From arms to riches: the rise of James Fenech

From a shop in Mellieha’s Parish Square, which neighbours say is known for providing shooting gear to local hunters, James Fenech went on to become one of the EU’s key arms dealers.

He was charged last Friday with violating Libya sanctions, exporting two military-grade Rigid Hull Inflatable Boats (RHIBs) to Libya in breach of sanctions.

Research by The Shift shows that the ‘hunters’ shop’ now forms part of a mega international business group owned by Fenech and which, over the past few years, particularly since Libya’s uprising, has become one of the EU’s most important arms dealers.

Starting humbly in 1995, Fieldsports – the hunters’ shop – which still describes itself on its website as a shop for ‘shooting sports and the outdoor life’, was transformed by Fenech and his associates, mostly foreign, into a huge network of arms dealership and supplies, among other things.

Fenech moved on from his humble beginnings, establishing his umbrella organisation – Unified Global Services Group Ltd, set up in 2014. Through a number of companies he set up, he diversified from hunting gear to arms supplies and recently also road construction.

International sources describe Fenech as ‘a force to be reckoned with’, especially in the supply of arms and heavy artillery to dangerous conflict zones, mostly in Africa and particularly Libya. Fenech also opened a representative office in Djibouti’s free zone, from where he operates his logistics hub for African ‘supplies’.

Though many who know Fenech have questioned his sudden source of wealth and exponential business growth within a short period, he has never really been exposed for any wrongdoing, at least officially. But last Friday something changed.

Source: Malta Business Registry.

Fenech was taken to court with four of his employees who are still unnamed. They are accused of breaching sanctions through one of his companies, Sovereign Charterers, during an operation off Libya’s coast last summer.

The police arraigned Fenech and his employees in an empty courtroom without the presence of journalists due to COVID-19 restrictions.

Fenech and his employees denied the accusations and were given bail by Magistrate Victor Asciak. Fenech is insisting that the police’s charges relate to fully authorised operations and that his group will have the opportunity to ‘clear its name’.

Fenech’s work has repeatedly made international headlines. His organisation made its mark in recent years supplying weapons to private security firms working for the EU, partnering also with Erik Prince, a former US Navy SEAL officer and the founder of Blackwater – a controversial US private military company that was given unclassified security contracts from the CIA during the Iraq war.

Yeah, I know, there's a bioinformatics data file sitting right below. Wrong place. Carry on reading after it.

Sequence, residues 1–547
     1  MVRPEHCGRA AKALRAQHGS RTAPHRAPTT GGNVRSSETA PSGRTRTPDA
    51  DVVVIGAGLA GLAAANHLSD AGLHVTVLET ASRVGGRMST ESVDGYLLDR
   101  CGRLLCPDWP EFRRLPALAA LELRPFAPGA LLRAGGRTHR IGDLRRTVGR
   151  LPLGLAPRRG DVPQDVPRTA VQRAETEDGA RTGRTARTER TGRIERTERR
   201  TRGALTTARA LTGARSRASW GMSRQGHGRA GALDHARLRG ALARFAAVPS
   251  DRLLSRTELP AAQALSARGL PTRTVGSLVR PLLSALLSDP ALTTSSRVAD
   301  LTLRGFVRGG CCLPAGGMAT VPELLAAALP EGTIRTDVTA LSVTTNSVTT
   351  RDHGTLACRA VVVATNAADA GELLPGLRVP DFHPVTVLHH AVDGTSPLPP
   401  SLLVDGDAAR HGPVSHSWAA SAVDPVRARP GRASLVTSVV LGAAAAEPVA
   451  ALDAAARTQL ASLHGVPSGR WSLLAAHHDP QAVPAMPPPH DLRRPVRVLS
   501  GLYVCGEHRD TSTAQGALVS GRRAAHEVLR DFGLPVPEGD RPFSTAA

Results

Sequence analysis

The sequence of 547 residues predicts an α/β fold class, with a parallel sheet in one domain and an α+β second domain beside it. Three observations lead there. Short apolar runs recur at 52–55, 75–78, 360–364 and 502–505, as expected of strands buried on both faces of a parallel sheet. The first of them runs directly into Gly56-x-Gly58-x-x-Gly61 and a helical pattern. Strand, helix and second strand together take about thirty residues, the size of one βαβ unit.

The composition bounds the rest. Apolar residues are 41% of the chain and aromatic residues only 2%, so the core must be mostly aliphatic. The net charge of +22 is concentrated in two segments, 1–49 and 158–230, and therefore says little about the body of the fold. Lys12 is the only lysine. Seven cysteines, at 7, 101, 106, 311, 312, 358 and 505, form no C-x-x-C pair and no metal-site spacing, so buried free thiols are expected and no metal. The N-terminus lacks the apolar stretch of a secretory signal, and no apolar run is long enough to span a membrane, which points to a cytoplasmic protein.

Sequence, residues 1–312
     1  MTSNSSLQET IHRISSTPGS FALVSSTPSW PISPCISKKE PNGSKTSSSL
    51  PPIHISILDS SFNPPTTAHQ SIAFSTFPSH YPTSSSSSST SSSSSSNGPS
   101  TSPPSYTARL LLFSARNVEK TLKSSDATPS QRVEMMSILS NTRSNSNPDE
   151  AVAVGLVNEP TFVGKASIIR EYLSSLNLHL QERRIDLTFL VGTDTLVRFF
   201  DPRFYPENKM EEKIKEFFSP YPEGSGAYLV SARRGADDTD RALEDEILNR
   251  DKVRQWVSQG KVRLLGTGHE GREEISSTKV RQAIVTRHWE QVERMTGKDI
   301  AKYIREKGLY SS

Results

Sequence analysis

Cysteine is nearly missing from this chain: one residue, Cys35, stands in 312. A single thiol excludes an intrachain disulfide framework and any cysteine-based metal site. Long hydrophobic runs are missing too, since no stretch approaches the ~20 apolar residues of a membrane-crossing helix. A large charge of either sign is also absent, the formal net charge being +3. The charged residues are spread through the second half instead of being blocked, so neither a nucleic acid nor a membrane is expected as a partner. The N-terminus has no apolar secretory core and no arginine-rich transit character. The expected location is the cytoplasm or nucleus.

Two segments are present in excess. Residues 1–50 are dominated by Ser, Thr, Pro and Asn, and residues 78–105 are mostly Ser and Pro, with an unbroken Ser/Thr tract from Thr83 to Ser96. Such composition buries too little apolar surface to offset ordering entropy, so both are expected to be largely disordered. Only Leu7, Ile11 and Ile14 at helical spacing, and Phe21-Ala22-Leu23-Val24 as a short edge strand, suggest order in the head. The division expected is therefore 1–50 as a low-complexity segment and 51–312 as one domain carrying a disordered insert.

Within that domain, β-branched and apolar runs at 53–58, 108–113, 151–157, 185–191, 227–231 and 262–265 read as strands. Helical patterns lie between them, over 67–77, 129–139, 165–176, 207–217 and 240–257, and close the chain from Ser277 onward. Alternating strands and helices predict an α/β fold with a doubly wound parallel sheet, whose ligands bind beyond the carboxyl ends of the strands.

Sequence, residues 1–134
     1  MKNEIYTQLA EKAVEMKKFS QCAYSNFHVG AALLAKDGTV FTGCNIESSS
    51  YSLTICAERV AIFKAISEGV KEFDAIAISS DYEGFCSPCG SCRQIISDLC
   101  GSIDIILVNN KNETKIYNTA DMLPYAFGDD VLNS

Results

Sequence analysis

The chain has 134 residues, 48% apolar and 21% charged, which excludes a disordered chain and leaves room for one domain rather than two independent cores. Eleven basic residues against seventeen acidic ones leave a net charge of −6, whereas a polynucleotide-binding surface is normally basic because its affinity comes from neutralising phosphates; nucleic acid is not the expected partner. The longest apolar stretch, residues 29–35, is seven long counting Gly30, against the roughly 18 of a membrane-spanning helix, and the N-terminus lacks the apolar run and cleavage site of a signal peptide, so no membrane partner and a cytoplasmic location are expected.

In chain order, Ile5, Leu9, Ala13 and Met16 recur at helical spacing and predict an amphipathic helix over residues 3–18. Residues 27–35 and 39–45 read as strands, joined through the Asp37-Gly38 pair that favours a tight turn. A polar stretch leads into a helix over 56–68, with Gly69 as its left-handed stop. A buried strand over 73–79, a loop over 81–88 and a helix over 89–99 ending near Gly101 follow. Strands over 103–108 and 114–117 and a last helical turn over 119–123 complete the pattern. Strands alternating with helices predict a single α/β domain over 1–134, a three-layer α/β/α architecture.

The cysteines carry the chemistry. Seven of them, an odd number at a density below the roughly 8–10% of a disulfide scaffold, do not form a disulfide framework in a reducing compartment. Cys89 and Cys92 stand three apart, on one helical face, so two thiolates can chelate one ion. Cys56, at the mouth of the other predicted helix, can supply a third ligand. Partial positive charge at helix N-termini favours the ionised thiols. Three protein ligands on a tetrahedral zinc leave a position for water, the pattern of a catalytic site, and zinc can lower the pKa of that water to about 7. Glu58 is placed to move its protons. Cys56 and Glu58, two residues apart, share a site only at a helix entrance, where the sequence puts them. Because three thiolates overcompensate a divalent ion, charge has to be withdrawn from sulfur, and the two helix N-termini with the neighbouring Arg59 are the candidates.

The company was banned from Iraq after its personnel opened fire on civilians at a busy traffic thoroughfare. The company has since been sold and its name changed to Academi.

Currently, Fenech’s Fieldsports has a quasi-monopoly in supplying armaments to EU companies, being one of the very few suppliers in the EU accredited to sell lethal weapons on EU soil for private users, according to reports prepared for the European Parliament.

Mega firms, such as Garda and Amarante International, turn to Fieldsports when they need to order weapons for armed guards deployed to protect EU embassies.

Sovereign Charterers, one of Fenech’s companies allegedly involved in sanctions-busting, provides ships to the oil industry and to government patrol vessels.

Other companies controlled by Fenech, Strategic Supplies and REA Malta, take care of logistics for various UN agencies and NGOs in hostile environments.

James Fenech.

James Fenech with Nicola Baldini, his partner in Blackwater Ammunition.

In 2018, Fenech partnered with Italian Nicola Bandini to launch Blackwater Ammunition, which produces ammunition for assault rifles as a well as watches and various other products sold under the Blackwater brand, according to its website.

Blackwater Ammunition is owned by PBM Limited, registered at the same Maltese address as the small Mellieha hunter’s shop, now part of Fenech’s conglomerate.

Lately, Fenech set his eyes on lucrative Malta government road contracts, partnering with Gozitan construction mogul Joseph Portelli and Turkish associates. Fenech’s ‘consortium’ has already tendered successfully for over €60 million of road building contracts.


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